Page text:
The use of electronic reminders such as text messages, emails or voicemails is highly effective at getting surgical patients to adhere to a preadmission antiseptic showering regimen known to help reduce risk of surgical site infections (SSIs), according to a first-of-its-kind study published in the August issue of the Journal of the American College of Surgeons.
Each year approximately 400,000 SSIs occur and lead to a death rate approaching nearly 100,000 according to data sources cited by study authors. To help reduce the risk of these dangerous infections, clinicians recommend that surgical patients take antiseptic showers with chlorhexidine gluconate (CHG) 24 to 48 hours before admission. CHG is beneficial because it reduces the microbial burden on the surface of the skin and, thereby, the risk of intraoperative wound contamination.
“In general, getting patients to comply with this preadmission cleansing strategy is a challenge throughout health care,” says lead study author Charles E. Edmiston, PhD, professor of surgery and hospital epidemiologist, Medical College of Wisconsin, Milwaukee.
For the study, researchers recruited 80 healthy volunteers who were randomized to one of four skin-antiseptic showering groups. Electronic alerts were sent as voicemails, text messages or emails, with text messages being the most popular method (80 percent) among volunteers. Volunteers were randomized to either taking two (Group A) or three showers (Group B). Group A1 and group B1 was prompted to shower by an electronic alert reminder, while Groups A2 and B2 did not receive an electronic prompt.
The analysis showed that CHG skin-surface concentrations, measured after three hours after their last shower, were significantly higher in groups A1 and B1 (patients who received alerts) compared with groups A2 and B2 (patients who did not get reminders). In a comparative analysis between groups A1 and A2, there was a 66 percent reduction in the composite mean concentration of CHG on the skin surface in patients who were not alerted to shower (group A2) compared with those who received electronic reminders (group A1).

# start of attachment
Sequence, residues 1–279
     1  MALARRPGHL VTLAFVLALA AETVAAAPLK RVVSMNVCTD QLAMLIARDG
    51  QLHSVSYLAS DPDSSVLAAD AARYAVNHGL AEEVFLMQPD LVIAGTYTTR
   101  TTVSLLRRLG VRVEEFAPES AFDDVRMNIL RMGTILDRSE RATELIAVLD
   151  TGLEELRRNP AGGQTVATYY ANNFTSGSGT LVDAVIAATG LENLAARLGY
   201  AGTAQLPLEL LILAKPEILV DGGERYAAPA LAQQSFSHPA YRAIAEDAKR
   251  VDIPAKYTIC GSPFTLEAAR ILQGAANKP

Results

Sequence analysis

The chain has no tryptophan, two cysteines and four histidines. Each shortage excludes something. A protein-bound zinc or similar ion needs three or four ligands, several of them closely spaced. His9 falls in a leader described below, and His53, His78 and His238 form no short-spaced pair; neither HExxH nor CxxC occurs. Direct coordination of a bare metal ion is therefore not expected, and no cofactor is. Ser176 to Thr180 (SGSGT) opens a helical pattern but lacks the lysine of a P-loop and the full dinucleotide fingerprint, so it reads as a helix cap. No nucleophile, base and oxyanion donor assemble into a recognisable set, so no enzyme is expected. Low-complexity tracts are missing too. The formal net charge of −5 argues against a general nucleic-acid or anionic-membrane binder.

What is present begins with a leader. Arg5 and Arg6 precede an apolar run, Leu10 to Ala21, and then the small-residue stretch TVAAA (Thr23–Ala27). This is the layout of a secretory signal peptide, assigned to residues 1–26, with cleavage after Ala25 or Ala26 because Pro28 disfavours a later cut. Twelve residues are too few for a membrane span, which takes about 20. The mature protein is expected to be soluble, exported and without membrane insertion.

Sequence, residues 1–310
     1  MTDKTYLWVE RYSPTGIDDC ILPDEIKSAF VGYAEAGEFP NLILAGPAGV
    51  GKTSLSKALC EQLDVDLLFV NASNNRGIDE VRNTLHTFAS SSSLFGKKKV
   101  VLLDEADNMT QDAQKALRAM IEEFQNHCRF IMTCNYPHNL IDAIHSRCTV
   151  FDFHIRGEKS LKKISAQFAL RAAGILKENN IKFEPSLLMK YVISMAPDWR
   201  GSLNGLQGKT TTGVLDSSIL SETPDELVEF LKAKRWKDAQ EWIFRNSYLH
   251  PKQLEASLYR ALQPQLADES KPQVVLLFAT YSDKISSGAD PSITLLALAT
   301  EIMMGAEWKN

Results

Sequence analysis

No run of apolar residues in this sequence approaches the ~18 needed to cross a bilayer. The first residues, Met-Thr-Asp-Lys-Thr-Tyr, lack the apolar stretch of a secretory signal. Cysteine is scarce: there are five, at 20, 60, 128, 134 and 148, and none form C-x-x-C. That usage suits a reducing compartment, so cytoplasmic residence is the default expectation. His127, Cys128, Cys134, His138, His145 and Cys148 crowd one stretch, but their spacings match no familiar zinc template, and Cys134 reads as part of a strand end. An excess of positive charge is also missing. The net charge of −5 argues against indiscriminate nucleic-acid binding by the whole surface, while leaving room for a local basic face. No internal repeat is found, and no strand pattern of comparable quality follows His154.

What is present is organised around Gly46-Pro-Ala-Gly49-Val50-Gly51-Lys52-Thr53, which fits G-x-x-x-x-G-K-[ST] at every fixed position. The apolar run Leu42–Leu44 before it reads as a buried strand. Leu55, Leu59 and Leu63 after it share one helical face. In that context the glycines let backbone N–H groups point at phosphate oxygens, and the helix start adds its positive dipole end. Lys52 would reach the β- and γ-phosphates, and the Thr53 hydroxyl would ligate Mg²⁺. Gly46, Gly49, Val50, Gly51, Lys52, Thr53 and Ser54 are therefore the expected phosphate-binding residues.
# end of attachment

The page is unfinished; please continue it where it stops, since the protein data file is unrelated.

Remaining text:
Furthermore, in the groups that showered three times, there was a 67 percent reduction in the composite mean skin-surface concentration of CHG in patients who were not alerted before showering (group B2) compared with those who received electronic alerts (group B1).
Thus, the researchers conclude that the patients who did not receive digital communications reminding them to shower were significantly less compliant with preadmission orders compared with those who received the electronic reminders. These study findings have great ramifications not only for this preadmission strategy and its potential impact on SSI risk reduction, but also for other preadmission orders.
“I think a study like this provides us with a tremendous opportunity to empower patients because it clearly makes them an intimate partner in the whole health care experience,” Edmiston says. “It’s reminding them that they are not a passive player but rather an active participant in an important risk-reduction strategy that if successfully completed can contribute to an improved clinical outcome.”
Ultimately, the researchers are striving to develop a standardized process wherein surgical patients take preadmission showers in a methodical way, resulting in an overall improvement in outcomes. Moving forward, additional research is needed to determine if electronic alert reminders and better compliance translate into lower SSI rates, Edmiston adds.